holidays and her birthday approaching, I think of Ma often these days. Ma was
the reason why I got into the sport of horse racing. She was a little crazy and
she loved going to Saratoga, pretending to have old money when she got there.
Why it was important to have old money when I could have blown through a new
fortune just as easy was beyond me. For those August days when we went to the
track in the early 1970’s, she was the Queen of Saratoga. She was the second
coming of Marylou Whitney only Ma had an age appropriate husband.
Ma and Dad went to the track to celebrate their wedding anniversary, which
always happened around the time of the Whitney Handicap. Mom would have us kids
run for the benches in the clubhouse area along the outside rail by the finish
line. It was our job to place newspapers in our seats. A Saratoga tradition
indicating that you are the rightful owner of that seat and beware if someone else sits there. It was ten o’clock in the morning when the gates opened and three hours
away from post time. And I sat there in the hot upstate New York sun and
humidity waiting for Ma to take a walk.
whiskey sour in her hand, we would walk the backyard or picnic area of
Saratoga talking about Count Fleet, Citation, and Native Dancer. She talked of
the present day superstars such as Riva Ridge, Key to the Mint and of course
Secretariat. She spoke of the jockeys that she saw and the jocks that I
followed from the scales at the finish line to the jockey room. Mom spoke of
Eddie Alcaro, Bill Shoemaker and Eddie Belmonte, while I followed Angel Cordero Jr., Ronnie Turcotte, and Braulio Baeza.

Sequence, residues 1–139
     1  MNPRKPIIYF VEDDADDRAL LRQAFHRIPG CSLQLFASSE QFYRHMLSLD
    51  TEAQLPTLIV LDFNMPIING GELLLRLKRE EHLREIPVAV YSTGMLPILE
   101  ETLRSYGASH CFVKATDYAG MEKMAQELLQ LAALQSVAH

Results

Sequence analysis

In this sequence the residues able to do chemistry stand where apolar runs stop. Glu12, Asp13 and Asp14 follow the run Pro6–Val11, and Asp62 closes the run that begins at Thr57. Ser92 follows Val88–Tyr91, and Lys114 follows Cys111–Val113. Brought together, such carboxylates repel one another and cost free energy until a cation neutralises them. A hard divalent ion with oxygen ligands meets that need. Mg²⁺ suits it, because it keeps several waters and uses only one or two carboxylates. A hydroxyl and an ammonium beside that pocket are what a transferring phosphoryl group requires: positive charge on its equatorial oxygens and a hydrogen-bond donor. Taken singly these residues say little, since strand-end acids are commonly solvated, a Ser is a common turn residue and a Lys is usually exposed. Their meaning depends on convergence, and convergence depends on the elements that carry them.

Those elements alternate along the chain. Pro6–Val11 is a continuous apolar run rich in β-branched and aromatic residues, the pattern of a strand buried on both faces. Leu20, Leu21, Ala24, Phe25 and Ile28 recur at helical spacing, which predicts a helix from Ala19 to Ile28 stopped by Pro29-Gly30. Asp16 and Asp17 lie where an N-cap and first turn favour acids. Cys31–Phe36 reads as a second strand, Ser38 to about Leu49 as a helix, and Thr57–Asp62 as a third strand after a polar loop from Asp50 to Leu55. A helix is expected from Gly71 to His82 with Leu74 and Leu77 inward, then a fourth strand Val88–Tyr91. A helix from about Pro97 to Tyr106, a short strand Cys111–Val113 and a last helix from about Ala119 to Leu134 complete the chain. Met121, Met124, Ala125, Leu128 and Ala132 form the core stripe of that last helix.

They were the stars of my childhood. Angel Cordero could do no wrong in my eyes
and once had me carry his riding crop back to the jockey room for him,
pretending it was too heavy.
Here was the routine that we followed. Mom
wouldn’t go to the bar because a lady in white gloves (which she always wore)
didn’t do such a thing, so she sent my father for her refills. We then went to
the paddock for a look see at her choices, noting that a gray horse, no matter
the odds, would always get her money. After the trip to the paddock, we went to
the windows where she placed her bets. As I got older, I would go to the window
for her. And if she collected, I got a tip. I was big for my age and was collecting
and cashing tickets at 16 for Ma, but don’t tell New York State that.
They were great days. We had Triple Crown
champions, superstars on Time magazine, and Cappy Capossela, the announcer for
the NYRA way back when. Ma loved Cappy because that was her name. She was
called Cappy since she was a little girl way back in the 1920’s. Yes, Ma taught
me a lot about the sport of kings. I’ve seen the sport thrill her and I saw it
break her heart. I saw her cry over victories and I saw her cry over defeats.
She sobbed when we were present on the day that Onion shocked the racing worlds
by beating Secretariat. And she was even worse after the death of Ruffian, who
broke down in a match race against Foolish Pleasure at Belmont in July of 1975.
It sucked the life right out of her. She was never the same after Ruffian.
She was not only a bettor, having an OTB
phone account back in the early days before such things were popular, she was a
fan. She loved, like I do, a horse that can come from behind, and she loved the
Saratoga air and tradition that it presented. I miss those days, and of course
I miss her. But she lives on through me and her love of horse racing hasn’t
died, it’s with me and I’ll carry the torch until I can’t do it anymore. Happy
93rd birthday Ma-wherever you are.